[Summary] Polls or Pols? The Real Driving Force Behind Presidential Nomination
Marty Cohen, David Karol, Hans Noel and John Zaller
The Brookings Review Vol. 21, No. 3 (Summer, 2003), pp. 36 – 39
Published By: Brookings Institutions Press
Background and Introduction
Who or what decides which presidential candidate wins the party primary nomination? The authors argue against the party decline thesis, as well as against the theory that whoever fundraises the most wins. Instead, they say that party insiders play a central role in determining presidential primary outcomes, rather than early polling results or fundraising. During the invisible primary season, candidates attempt to gain the support—both nominal and financial—of party insiders, who judge the candidates based on character, skills, electability, and policy positions that are aligned with the party platform. Although gaining some financial resources matters, most candidates gain the minimum needed to continue the process, so nominal endorsements matter the most by influencing delegates and the public.
The authors used statistical regression analysis to test their argument, though they did not formally show the results via tables or figures. They examined poll results, party insider endorsements, funds raised before the primary, and party primary nomination results. Party insider endorsements were measured by tallying the endorsements found in various media sources by state politicians, celebrities, and presidential incumbents. Polling data was taken from Iowa residents before the primaries, which historically has had high predictive power for who wins the nomination. These data were from 1980 to 2000, and were collected at multiple times before the primary for each presidential election year. For this reason, the authors could also use a time series analysis to determine whether party insider endorsements are adjusting based on previous polling information, or if polling information tends to follow the number of party insider endorsements (as the authors predicted).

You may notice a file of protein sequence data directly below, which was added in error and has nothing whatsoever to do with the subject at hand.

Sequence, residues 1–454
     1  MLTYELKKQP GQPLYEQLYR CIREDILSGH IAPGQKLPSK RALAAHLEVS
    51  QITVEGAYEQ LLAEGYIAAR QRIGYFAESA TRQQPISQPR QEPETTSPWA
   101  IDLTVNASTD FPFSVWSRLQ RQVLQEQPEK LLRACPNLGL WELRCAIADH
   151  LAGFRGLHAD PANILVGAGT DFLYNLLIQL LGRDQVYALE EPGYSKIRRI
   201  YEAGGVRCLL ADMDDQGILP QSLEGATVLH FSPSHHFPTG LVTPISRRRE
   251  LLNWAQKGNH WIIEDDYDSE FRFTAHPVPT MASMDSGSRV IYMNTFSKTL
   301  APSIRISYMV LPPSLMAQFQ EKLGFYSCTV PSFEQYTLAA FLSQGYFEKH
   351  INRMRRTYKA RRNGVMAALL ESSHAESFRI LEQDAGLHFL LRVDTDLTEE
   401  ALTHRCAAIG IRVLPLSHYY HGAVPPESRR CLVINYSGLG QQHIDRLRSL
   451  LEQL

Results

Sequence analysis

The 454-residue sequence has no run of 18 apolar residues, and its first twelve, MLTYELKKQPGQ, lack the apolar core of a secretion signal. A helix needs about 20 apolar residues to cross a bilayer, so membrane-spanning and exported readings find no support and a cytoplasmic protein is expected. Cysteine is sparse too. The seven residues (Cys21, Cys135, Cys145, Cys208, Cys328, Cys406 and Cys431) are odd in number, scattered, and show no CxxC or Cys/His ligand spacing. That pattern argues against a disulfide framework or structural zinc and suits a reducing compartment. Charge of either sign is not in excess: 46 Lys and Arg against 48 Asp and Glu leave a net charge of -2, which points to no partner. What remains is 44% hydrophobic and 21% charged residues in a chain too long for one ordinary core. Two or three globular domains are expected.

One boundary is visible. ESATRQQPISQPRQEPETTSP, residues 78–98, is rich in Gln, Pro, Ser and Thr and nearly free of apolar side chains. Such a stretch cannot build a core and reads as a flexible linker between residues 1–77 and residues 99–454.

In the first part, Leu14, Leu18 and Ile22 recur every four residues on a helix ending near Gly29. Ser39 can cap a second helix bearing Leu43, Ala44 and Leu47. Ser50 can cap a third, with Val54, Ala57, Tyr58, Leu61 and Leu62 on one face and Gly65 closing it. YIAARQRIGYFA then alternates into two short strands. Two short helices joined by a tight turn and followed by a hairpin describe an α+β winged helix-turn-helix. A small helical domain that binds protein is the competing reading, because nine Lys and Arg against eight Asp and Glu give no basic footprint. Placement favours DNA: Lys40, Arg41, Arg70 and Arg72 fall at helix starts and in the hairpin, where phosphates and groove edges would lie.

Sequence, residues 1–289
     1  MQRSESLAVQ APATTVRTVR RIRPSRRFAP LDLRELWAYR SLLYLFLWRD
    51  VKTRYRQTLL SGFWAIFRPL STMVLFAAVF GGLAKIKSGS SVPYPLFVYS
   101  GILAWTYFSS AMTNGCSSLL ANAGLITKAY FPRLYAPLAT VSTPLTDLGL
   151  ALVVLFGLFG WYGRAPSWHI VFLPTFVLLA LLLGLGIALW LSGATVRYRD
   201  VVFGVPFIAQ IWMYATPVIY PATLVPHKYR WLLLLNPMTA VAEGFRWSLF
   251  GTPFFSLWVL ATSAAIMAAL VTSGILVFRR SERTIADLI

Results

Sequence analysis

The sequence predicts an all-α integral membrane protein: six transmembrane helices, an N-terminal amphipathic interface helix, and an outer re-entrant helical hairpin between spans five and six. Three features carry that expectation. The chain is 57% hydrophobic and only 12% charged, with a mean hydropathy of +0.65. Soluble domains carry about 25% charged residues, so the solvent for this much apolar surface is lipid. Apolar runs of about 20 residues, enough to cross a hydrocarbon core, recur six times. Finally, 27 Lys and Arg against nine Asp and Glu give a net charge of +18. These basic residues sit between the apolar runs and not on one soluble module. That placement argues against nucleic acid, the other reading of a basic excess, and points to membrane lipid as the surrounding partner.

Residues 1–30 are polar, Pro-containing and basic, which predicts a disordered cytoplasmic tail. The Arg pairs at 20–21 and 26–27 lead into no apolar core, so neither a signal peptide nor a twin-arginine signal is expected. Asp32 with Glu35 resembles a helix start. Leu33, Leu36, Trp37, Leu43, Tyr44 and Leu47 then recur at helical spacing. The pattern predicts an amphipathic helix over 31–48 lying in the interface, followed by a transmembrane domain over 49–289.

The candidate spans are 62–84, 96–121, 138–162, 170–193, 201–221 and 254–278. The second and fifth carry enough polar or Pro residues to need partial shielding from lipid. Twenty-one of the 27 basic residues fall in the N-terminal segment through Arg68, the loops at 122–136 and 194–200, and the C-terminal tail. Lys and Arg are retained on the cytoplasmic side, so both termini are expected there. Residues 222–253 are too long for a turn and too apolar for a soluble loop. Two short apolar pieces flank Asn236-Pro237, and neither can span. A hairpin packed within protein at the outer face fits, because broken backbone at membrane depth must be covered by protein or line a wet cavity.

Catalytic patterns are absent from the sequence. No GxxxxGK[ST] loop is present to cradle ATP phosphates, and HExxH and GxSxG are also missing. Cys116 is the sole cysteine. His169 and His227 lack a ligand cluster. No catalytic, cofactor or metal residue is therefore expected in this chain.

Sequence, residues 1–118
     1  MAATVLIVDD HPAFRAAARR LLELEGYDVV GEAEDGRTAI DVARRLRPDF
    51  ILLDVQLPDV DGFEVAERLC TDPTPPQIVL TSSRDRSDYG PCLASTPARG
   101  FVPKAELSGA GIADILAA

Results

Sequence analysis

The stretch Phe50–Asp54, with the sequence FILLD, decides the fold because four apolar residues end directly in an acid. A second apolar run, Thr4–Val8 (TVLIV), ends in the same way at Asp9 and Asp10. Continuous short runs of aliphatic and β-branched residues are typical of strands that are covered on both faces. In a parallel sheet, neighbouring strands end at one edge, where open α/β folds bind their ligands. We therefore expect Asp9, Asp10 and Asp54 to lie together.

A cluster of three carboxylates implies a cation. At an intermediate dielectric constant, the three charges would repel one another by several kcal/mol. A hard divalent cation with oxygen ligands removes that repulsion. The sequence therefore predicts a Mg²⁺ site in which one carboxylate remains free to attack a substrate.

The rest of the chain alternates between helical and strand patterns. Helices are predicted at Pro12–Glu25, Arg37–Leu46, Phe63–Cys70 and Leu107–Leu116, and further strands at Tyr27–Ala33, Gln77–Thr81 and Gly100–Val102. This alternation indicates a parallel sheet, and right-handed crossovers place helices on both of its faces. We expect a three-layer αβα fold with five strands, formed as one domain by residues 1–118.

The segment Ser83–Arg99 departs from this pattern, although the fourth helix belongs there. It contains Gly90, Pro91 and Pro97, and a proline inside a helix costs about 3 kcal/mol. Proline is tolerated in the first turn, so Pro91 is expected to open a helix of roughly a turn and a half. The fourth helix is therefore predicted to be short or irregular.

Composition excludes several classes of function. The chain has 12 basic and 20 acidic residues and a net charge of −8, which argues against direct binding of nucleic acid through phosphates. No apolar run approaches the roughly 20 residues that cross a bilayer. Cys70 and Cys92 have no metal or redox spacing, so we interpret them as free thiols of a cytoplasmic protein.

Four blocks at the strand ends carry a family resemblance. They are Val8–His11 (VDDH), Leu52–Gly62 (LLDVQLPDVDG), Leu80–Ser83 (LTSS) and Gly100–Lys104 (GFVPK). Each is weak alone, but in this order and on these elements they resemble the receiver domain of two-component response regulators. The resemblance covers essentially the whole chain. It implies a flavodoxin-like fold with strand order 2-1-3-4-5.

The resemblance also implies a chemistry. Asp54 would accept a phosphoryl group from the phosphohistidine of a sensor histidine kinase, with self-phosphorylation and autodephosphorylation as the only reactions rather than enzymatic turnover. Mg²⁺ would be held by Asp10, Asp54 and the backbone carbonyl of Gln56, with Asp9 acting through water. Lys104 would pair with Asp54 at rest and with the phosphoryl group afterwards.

Results and Conclusion
The results of the regression analyses indicated that polls and party insider endorsements were equally likely to predict primary nominations for presidential candidates. When the researchers added the amount of funds raised into this regression, they found that this barely predicted nominations, especially compared to polls and endorsements. Therefore, this suggests that funding is not very important during the invisible primary, especially since many rich candidates ran but failed to secure the nomination. Furthermore, the authors found that early changes in endorsements lead to changes in polls at a later time, and vice-a-versa. However, they found that endorsements influenced polling results far more than polling influenced endorsements. Based on this information, the authors concluded that party insider endorsements have more impact on primary presidential nominations than money or polling, thus opposing the implications of the party decline thesis.